Italian scholar examines history of the West from a Chinese perspective

By Li Qian Source:Global Times Published: 2019/7/3 18:38:40

Tourists visit the Colosseum in Rome. Photo: VCG

Having lived in China for more than 30 years, Francesco Sisci is typical of what people call a "China hand," but is actually much more than that.

An Italian scholar who sees China as a second home, Sisci has taken upon himself the challenge of bridging the communication gap between the peoples of the two nations, which is perfectly reflected in his new book, A History of Italy with Chinese Characteristics. One chapter of the book is being released every week, and so far the first 12 chapters of a total 16 have been made available for readers in the Chinese language. 

The title tells you what the book is all about. From the very beginning of this book, his writing was targeted at Chinese readers. 

In 2004, when Sisci was the cultural counselor at the Italian Embassy in Beijing, he was struck with the idea of writing a book about Western history in a way that was accessible to Chinese readers.

As an intercultural communicator, he saw at that time a complete lack of publications on that subject that appealed to Chinese.

Sinicized culture

There is a great need for Chinese people to know about the West, Sisci said, as China is pursuing modernization of the country, and he believes that modernization in the current era is to a large extent the same as saying "Westernization" in science and technology, if not other fields.

"If we are clearer of the West's history then we are clearer about what is at stake today when the whole world wants to be modern, hence 'Westernized,'" he told the Global Times.

And in many fields, Italy was the origin of Western civilization, which is why he eventually narrowed his writing project down to focus on the history of Italy.

Interestingly, he said, "I think that part of what made the West modern, and thus what it is now, was the massive influence of Chinese culture in the 16th and 17th century through the work of the Jesuits." So in a way, part of this "modern" Western culture is also partly Chinese, and historically, Chinese culture contributed greatly in history to this. "In a way, today's West had already been Sinicized," said Sisci.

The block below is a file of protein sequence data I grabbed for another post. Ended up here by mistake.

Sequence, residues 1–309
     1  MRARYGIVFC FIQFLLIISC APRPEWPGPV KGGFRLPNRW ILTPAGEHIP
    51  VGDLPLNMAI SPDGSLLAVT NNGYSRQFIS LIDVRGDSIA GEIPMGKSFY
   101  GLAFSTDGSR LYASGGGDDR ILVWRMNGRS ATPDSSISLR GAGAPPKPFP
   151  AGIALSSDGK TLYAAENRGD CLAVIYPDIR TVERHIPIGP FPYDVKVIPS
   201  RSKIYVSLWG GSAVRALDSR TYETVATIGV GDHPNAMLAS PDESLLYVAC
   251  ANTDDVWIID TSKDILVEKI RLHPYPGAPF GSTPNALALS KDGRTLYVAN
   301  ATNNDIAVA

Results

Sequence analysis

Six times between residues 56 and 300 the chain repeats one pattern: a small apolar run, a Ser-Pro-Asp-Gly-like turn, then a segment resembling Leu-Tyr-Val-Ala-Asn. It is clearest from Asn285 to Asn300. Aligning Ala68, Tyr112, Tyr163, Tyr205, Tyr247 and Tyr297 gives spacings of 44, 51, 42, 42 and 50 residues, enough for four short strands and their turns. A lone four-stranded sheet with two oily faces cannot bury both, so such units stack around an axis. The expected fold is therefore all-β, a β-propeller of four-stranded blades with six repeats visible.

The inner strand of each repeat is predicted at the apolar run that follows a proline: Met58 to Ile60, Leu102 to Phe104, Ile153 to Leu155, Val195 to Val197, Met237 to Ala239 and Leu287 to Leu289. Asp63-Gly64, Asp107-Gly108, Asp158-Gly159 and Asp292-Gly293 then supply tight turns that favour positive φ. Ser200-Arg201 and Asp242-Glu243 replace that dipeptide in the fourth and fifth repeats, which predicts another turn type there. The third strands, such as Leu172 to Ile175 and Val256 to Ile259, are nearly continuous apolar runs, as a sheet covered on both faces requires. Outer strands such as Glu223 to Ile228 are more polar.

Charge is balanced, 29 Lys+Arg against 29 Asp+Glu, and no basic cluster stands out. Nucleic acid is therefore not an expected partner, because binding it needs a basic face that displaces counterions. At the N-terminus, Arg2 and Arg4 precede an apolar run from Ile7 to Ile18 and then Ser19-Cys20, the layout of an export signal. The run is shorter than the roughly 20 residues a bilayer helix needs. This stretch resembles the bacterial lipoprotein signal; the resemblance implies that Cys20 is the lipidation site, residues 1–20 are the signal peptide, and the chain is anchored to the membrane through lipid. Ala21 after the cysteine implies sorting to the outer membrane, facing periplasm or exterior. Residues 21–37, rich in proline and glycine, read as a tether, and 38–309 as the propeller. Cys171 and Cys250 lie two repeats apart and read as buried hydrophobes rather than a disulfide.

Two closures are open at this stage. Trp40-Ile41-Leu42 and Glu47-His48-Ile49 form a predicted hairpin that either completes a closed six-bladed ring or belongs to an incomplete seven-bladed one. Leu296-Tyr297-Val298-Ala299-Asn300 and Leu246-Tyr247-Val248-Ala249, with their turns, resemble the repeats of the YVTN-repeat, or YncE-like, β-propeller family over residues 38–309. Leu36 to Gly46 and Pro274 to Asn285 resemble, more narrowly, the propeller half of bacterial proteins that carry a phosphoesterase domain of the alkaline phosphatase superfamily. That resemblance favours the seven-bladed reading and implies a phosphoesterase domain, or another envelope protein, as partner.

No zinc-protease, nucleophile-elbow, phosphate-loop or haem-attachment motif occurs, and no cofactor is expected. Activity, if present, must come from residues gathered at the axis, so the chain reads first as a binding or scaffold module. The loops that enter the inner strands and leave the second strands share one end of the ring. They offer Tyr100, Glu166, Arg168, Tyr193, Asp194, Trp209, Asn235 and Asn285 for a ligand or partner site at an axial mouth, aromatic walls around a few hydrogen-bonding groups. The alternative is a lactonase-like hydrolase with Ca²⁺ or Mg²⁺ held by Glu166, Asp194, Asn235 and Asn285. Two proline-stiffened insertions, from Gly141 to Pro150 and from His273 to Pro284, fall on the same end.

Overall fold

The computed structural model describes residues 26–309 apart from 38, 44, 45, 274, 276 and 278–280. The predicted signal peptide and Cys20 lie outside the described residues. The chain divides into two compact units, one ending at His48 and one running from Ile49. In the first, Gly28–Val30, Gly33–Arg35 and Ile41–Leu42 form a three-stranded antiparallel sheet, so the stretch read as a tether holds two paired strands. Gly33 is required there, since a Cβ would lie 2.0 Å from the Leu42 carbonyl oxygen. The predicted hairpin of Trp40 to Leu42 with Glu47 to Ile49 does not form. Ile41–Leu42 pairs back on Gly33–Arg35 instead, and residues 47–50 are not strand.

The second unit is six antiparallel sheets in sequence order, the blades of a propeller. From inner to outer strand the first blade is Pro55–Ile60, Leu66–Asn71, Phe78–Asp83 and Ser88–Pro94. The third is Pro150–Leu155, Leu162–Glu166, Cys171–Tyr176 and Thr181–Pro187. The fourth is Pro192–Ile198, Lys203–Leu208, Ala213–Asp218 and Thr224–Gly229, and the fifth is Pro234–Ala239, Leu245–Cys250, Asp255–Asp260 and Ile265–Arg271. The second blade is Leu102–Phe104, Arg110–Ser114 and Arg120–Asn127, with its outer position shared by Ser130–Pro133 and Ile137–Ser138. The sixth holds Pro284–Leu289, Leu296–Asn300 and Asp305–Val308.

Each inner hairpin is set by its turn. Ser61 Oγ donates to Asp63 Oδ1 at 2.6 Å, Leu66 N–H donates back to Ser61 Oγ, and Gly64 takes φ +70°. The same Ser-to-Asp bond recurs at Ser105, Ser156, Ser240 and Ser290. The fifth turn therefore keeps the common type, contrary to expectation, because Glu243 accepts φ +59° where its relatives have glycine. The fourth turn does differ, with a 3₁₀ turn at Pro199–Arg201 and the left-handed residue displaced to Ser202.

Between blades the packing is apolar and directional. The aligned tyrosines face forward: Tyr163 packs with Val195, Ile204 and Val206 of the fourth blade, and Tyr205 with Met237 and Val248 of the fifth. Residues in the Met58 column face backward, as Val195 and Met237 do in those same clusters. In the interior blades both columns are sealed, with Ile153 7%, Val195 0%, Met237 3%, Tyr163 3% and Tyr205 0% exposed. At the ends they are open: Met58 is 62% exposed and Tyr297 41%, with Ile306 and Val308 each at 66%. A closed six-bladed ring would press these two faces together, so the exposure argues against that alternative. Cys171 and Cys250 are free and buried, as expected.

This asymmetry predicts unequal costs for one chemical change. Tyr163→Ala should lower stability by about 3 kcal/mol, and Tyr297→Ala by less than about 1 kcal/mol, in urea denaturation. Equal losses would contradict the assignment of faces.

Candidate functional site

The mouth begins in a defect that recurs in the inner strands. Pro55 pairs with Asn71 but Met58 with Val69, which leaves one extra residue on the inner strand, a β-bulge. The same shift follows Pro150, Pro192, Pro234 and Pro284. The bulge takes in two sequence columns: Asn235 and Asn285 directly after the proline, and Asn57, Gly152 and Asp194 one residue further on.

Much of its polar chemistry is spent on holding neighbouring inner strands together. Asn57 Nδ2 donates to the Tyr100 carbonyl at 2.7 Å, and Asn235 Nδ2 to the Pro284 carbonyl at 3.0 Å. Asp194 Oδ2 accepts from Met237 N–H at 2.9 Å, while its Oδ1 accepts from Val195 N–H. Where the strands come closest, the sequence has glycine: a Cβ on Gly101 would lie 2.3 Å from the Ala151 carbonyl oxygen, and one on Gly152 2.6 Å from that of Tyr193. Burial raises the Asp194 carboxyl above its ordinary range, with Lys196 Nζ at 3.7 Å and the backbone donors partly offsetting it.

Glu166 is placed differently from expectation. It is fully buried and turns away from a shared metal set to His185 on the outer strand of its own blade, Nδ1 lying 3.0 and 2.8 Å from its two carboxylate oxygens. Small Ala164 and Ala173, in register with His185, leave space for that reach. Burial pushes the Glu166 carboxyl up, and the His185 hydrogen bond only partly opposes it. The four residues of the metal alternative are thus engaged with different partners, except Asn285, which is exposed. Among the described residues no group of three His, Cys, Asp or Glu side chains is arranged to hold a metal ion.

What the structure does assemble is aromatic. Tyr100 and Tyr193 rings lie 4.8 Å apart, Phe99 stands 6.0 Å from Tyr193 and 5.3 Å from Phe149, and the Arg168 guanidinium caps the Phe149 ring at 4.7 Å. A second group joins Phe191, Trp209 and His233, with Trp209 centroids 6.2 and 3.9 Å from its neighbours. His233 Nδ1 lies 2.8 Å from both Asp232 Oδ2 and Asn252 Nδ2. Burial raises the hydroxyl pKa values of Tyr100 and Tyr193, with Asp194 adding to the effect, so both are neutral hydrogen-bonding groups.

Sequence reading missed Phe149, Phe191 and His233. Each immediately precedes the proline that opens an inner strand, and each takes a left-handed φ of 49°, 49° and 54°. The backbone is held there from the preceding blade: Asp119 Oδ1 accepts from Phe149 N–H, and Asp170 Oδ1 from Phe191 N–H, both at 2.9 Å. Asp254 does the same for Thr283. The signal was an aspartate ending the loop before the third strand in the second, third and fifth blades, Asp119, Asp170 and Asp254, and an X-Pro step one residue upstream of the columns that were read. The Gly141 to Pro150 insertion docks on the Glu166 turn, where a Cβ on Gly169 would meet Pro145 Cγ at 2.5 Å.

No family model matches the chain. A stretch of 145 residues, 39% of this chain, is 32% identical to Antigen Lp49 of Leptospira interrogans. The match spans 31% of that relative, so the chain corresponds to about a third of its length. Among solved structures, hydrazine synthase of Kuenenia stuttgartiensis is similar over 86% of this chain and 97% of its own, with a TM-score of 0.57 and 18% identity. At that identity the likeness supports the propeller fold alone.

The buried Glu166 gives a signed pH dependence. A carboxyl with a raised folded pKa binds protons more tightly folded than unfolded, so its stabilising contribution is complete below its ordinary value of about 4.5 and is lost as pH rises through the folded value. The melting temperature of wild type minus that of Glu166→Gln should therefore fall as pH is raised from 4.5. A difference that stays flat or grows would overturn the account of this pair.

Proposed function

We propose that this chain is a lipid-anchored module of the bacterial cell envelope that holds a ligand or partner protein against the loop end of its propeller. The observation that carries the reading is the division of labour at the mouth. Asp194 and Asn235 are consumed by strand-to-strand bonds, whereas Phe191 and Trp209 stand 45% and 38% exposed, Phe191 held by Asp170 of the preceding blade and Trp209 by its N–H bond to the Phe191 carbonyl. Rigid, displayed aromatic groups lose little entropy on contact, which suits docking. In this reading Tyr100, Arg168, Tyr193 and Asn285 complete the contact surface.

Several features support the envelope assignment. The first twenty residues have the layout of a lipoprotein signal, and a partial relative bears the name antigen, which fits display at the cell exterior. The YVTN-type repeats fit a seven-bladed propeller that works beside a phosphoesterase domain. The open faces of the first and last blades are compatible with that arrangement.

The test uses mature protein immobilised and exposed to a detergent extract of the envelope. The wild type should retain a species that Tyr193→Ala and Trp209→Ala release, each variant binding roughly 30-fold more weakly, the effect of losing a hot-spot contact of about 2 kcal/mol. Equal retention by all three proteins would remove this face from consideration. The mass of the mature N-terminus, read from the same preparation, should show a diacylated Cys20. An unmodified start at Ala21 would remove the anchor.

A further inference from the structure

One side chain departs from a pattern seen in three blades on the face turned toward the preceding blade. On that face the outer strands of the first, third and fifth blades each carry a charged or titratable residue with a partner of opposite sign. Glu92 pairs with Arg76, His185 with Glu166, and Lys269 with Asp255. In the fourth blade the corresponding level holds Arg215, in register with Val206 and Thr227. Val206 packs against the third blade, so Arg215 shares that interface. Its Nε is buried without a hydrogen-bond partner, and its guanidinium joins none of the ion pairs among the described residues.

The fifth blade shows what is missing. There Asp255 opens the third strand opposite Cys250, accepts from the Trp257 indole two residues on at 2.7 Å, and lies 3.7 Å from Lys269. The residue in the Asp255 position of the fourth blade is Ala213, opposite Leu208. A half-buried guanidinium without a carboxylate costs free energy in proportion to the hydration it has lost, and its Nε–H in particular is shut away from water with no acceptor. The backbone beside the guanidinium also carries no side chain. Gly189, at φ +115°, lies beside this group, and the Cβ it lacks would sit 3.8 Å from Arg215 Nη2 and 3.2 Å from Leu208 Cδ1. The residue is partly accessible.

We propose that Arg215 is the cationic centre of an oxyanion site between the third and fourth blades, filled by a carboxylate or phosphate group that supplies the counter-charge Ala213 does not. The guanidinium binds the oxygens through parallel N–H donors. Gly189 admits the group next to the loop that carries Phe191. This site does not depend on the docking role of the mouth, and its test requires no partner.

And this scenario can also be found in his online book.

Today, regrettably, there is not just the need for China to know more about foreign history, as Sisci believes that there is a lack of mutual understanding between the East and the West, which may be deepening as the two sides have more contact, "just like some couples who understand less and less of one another the more they live together."

"Perhaps Chinese know better some elements of the West, as they speak more English than Westerners speak Chinese, and more Chinese have lived in the West than Westerners have lived in China," he admits.

Comprehensive timeline

The online book is comprehensive, starting from ancient times and covering every era up until contemporary Italy. The writer uses the chronological style because "Western history has continuity."

In order to present a true and understandable picture of Western history to Chinese, Sisci tried to think the Chinese way when structuring the book.

There is a very strong cultural tradition throughout Chinese history that sees different strings of culture fused into one another in the "Chinese world," said Sisci, which gives us a strong lens through which we can see and interpret China today. But the West has no such tradition, and histories of the West are partial from different countries' perspectives. "Then how can one see the West, if he is not a Westerner? What makes the West 'West?'"

"So I tried to look at the West as if I were a Chinese scholar bringing many separate strings together," Sisci said, which also provides a tool for Chinese readers to gain a better understanding of the ongoing history of China.

In practice, he highlighted major elements of Western culture in the book, including the history of the Catholic Church, which he said is a very important part of Italy's history. And just like Chinese history books highlight the ancient "four great inventions" by the Chinese nation, Sisci's book enthusiastically explains the invention of cement and glass in Italy to help readers understand the country's technological and cultural significance.

Xuexi Shibao, or Study Times, an official publication of the Party School of the Communist Party of China Central Committee, has published the preface of this book.

So far, Sisci said, many Chinese readers have said that they like this Italian history with Chinese characteristics. However, he said Westerners have found the book "awkward."

Perhaps this is because Chinese readers could relate to this way of relating Western history, which proves the success of this book's Chinese perspective.

For Westerners, it may be like when one is used to seeing himself through a certain mirror. Once the mirror changes, you don't quite recognize yourself, said Sisci.

Newspaper headline: Reflections on the West


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